Vietnam is expected to remain the world’s No. 1 cashew nut exporter in 2018 with a global market share of 65%, but local cashew enterprises have operated inefficiently, facing numerous problems, including shortages of raw materials and thin profit margins, Nguoi Lao Dong newspaper reported.
Citing a representative of the Vietnam Cashew Association (Vinacas), the newspaper said that as of May, Vietnam earned some US$1.4 billion from exporting 141,000 tons of cashew nuts, up 21.4% in volume and 25.35% in value. Vietnam’s cashew revenues are expected to reach US$3.7 billion in 2018, rising by US$80 million against last year.
Mentioning difficulties in Vietnam’s cashew industry, Nguyen Duc Thanh, chairman of Vinacas, lamented that farmers and processors who spend a great deal of money and time on farming and manufacturing cashews only saw an increase of 30-35% in profit, while foreign traders took the lion’s share of 65-70%.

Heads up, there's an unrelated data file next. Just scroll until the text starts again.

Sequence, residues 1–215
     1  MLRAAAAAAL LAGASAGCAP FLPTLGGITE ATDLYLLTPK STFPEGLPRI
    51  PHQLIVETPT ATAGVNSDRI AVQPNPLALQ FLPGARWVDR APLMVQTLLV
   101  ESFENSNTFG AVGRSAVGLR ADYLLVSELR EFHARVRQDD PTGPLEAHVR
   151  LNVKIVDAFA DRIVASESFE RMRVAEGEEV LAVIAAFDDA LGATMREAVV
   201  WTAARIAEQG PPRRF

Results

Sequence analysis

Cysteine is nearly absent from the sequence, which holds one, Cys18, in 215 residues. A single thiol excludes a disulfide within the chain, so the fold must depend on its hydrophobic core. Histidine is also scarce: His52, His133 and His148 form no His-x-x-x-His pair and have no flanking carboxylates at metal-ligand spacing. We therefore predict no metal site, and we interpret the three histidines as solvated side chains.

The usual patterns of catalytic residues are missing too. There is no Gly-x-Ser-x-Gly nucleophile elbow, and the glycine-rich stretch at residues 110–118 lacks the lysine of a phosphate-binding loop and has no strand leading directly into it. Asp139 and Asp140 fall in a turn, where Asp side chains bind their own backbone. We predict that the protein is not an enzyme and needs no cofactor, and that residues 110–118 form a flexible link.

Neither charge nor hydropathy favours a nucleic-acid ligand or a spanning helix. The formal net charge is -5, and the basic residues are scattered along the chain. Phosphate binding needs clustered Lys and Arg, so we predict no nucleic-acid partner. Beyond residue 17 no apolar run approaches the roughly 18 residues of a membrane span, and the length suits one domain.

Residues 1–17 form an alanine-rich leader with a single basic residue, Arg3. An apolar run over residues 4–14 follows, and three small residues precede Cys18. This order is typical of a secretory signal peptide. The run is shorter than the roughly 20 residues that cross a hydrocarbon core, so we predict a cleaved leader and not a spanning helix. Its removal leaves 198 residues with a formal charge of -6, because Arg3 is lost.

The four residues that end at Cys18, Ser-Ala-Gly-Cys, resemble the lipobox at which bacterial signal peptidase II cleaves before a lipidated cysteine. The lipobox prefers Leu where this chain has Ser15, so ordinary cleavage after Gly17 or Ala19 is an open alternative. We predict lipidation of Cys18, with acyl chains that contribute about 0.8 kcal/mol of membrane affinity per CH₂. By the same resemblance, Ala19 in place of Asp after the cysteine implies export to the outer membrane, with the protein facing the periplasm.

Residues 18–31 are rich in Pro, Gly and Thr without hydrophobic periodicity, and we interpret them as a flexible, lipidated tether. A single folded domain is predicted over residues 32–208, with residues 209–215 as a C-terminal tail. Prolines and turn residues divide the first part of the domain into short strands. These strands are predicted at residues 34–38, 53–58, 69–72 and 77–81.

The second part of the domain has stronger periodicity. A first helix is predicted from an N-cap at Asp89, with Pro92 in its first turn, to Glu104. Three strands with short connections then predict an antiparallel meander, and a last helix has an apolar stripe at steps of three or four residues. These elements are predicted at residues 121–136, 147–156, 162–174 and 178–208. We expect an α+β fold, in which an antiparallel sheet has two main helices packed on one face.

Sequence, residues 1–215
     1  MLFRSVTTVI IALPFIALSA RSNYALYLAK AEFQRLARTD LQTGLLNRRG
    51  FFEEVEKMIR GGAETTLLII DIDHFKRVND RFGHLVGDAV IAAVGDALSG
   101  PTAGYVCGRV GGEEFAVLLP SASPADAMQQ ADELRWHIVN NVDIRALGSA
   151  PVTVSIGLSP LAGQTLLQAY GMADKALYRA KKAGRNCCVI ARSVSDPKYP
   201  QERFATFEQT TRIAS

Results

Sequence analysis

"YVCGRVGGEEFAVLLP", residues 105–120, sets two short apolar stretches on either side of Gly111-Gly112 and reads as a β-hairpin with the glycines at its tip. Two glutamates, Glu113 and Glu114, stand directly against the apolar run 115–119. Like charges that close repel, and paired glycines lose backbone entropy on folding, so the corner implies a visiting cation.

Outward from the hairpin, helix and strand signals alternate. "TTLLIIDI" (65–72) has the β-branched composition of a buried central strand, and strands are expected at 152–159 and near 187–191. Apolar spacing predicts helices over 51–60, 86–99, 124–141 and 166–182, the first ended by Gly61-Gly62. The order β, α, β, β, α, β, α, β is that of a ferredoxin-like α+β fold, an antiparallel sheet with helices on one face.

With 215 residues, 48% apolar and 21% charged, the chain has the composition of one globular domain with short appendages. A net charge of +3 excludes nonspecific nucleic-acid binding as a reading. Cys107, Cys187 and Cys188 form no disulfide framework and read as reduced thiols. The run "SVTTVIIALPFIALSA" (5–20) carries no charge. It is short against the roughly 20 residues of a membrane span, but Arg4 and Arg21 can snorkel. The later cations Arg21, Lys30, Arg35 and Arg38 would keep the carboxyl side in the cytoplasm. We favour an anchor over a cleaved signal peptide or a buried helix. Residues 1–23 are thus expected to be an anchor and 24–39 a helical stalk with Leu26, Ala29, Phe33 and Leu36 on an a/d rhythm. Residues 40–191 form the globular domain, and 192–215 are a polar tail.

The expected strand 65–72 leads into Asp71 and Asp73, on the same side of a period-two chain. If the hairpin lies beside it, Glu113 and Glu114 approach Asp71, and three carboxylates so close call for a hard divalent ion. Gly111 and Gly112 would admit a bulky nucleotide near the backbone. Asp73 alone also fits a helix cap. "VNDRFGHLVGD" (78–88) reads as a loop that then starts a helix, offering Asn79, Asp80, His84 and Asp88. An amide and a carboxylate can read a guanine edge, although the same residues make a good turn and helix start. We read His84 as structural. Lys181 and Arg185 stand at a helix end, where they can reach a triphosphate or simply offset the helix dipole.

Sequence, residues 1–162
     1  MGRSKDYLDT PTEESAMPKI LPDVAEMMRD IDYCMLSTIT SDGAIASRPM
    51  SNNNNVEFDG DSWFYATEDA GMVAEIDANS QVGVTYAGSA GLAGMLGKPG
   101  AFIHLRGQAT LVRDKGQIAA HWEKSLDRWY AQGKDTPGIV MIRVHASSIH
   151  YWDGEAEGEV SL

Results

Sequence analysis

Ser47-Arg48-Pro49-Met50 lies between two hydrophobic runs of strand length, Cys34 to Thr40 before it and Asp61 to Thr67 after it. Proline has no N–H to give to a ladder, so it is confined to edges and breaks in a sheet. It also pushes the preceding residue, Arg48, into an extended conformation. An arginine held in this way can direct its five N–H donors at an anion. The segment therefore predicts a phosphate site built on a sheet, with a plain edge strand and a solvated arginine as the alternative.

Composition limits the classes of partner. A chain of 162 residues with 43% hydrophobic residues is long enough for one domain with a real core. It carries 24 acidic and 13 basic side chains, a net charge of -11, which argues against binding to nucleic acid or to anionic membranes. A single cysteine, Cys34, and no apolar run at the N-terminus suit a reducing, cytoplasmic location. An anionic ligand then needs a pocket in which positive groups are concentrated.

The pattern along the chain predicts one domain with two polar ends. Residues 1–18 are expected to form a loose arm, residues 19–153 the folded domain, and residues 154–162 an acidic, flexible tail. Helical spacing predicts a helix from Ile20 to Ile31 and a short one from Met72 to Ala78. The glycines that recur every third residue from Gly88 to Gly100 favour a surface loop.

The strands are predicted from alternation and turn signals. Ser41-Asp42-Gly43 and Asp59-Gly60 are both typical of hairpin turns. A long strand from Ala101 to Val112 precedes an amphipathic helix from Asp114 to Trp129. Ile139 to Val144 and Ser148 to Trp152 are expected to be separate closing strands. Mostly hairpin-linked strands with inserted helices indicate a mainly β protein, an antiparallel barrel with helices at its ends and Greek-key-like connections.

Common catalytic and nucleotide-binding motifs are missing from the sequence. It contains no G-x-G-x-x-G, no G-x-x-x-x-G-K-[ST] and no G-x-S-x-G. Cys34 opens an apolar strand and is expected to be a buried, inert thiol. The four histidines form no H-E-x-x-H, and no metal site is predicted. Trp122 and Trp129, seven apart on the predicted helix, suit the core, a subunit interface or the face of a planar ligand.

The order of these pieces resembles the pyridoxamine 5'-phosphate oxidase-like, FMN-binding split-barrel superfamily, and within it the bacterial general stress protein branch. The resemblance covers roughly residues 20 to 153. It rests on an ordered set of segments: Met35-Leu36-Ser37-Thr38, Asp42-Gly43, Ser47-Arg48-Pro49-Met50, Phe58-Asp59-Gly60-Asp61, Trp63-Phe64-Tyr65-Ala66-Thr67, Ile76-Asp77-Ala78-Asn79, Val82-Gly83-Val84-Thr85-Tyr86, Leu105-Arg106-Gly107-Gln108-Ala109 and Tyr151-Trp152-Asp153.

“Such trade inequality is considerable, but we find it difficult to change since the production in Vietnam remains unstable,” he said.
A group of small processing plants, representing 70-80% of the country’s cashew plants, have stopped operating due to a shortage of raw materials, while cashew nut prices have consistently fallen, from US$11 to US$8.2 per kilo since October 2017, resulting in the plants only breaking even or operating at a loss, according to members of Vinacas.
Ta Quang Huyen, director of Hoang Son 1 JSC in Binh Phuoc Province, said that the world’s cashew nut demand increases by 3-5% per year, while Vietnam’s cashew nut output surges by 25%, leading to an oversupply. That plants rush into purchasing materials, producing and exporting at the same time, unintentionally paves the way for a squeeze on prices from foreign importers.
“Cashew products can be stored for a year, but small plants short on capital must sell the products after processing them, leading to a fall in prices as a result of a massive sale,” Huyen noted, asserting that prices will bounce back in the near future, as cashew nut warehouses have been emptied.
Thanh also said cashew nut consumption would rise at the end of the year, adding that enterprises should not act in haste and keep prices unchanged owing to the limited supply source.
“An aim of the cashew sector is to cut quantity and focus on the quality of processing to push selling prices up,” Thanh noted.